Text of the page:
Wilton, a lawyer and prosecutor, said he is in favor of legalization. His experiences in courtrooms have affirmed that.
“We have a difficult time prosecuting the offense of under 50 grams that are handled at the municipal court,” he said, adding that “we’re pulling officers off the road to make arrests for small amounts of marijuana.”
Donlon said, as a physician, she is in favor of expanding medical marijuana and decriminalization. On the legalization front, she was a bit more hesitant, saying she would only support it if the state set “a legal age of anything above 26 years old and really look at the cost benefit analysis.”
Republicans were more cautious about marijuana legalization, although both Burry and Impreveduto said they are in favor of medical marijuana programs.
“You’ve heard about the opioid epidemic we’re having here in Monmouth County,” Burry said. “Why complicate things even more with marijuana made available to some of our young people?”
Impreveduto referenced states around the country which have gone the route of legalization.
“Look at Colorado,” he added. “Tell me how that’s working for them. Crime is up, homelessness is up, the state is becoming a disaster.”
Talk by President Donald Trump of stripping federal funding from areas exercising Sanctuary City, County and State status has reinvigorated the immigration conversation. In New Jersey, that’s no different.
While no local towns have sanctuary status, candidates disagreed upon how Monmouth County is involved, as well as how immigration authorities do their job.
Impreveduto said he is against a Sanctuary County and State, and said he supported and U.S. Immigration and Customs Enforcement (ICE) agreements with the Monmouth County Sheriff’s Office.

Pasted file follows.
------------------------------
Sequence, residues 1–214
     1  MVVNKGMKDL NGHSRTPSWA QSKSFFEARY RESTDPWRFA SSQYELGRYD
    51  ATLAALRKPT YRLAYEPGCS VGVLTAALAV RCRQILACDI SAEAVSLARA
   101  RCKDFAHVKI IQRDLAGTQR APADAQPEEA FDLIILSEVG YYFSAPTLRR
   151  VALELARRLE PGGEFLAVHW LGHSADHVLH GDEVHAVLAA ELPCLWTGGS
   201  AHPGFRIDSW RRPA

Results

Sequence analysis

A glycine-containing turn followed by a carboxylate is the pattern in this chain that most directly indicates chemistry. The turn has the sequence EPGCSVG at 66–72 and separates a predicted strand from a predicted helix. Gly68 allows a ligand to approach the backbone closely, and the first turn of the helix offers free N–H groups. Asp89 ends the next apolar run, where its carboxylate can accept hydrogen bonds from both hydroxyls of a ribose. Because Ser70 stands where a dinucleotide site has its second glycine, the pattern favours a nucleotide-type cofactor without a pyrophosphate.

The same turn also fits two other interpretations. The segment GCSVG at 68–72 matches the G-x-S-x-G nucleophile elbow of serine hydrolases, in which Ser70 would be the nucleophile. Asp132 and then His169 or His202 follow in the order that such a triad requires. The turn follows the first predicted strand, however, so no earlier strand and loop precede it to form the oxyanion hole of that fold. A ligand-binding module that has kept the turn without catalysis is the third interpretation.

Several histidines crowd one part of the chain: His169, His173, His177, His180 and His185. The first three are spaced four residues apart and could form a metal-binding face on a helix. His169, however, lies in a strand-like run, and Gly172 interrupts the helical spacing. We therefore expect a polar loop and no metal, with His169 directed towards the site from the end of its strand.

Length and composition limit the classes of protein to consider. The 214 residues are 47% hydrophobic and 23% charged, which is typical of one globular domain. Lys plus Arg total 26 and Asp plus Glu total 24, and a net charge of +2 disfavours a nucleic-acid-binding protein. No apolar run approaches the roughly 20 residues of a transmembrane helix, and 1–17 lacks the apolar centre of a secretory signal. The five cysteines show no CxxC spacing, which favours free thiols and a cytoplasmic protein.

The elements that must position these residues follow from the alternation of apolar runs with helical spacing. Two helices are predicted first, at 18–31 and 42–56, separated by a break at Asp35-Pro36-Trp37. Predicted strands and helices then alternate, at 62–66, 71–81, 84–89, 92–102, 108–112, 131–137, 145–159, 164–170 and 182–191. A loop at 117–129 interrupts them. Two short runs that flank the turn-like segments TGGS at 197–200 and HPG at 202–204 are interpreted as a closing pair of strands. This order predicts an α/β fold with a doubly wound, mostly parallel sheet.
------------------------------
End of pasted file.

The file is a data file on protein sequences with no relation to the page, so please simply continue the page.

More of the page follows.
But Impreveduto, with a career background in education, said he’s in favor of the federal program Deferred Action for Childhood Arrivals (DACA).
“DACA is different,” he said, “and I would look to support our children.”
Burry said allowing sanctuary status “flies in the face of our laws and the need to respect our law enforcement people.”
Democrats Donlon and Wilton believe law enforcement should stay out of homes and refrain from any mass-deportation activity.
Donlon said police “should focus on what their job is and focus on criminals, no matter where they came from and no matter their immigration status.”
“I don’t want to further politicize the issue, but I want to focus on the important thing, which is how we want to protect and keep our communities safe,” she added.
While in contrast on a number of issues, candidates from both parties did find common ground on work currently underway in the county. Each nominee praised the progress at the Fort Monmouth site redevelopment, through the Fort Monmouth Economic Revitalization Authority (FMERA).
Burry, who sits on the FMERA board, said since the fort was ordered closed in 2005, 3,000 new jobs have been created on the former base’s grounds. Housing developments, schools, businesses and veterans facilities are some of the new activity underway
“I think it’s something, in the end, we can be very proud of as to how it will evolve,” said Burry.
Wilton said although a second Amazon headquarters might not be heading to Fort Monmouth, he still would like to see FMERA push for smaller, up-and-coming companies to find space at Fort Monmouth. He said the area “has the potential to be a jewel for us.”
Candidates from both parties also stressed the importance of using shared services within the county. Impreveduto said Holmdel just finished its largest road improvement project thanks to working with county officials on fixing tens of roads. As mayor, Wilton said he was able to outsource Lake Como’s police service to Belmar in an effort to cut costs.
This article was first published in the Oct. 26-Nov. 2, 2017 print edition of the Two River Times.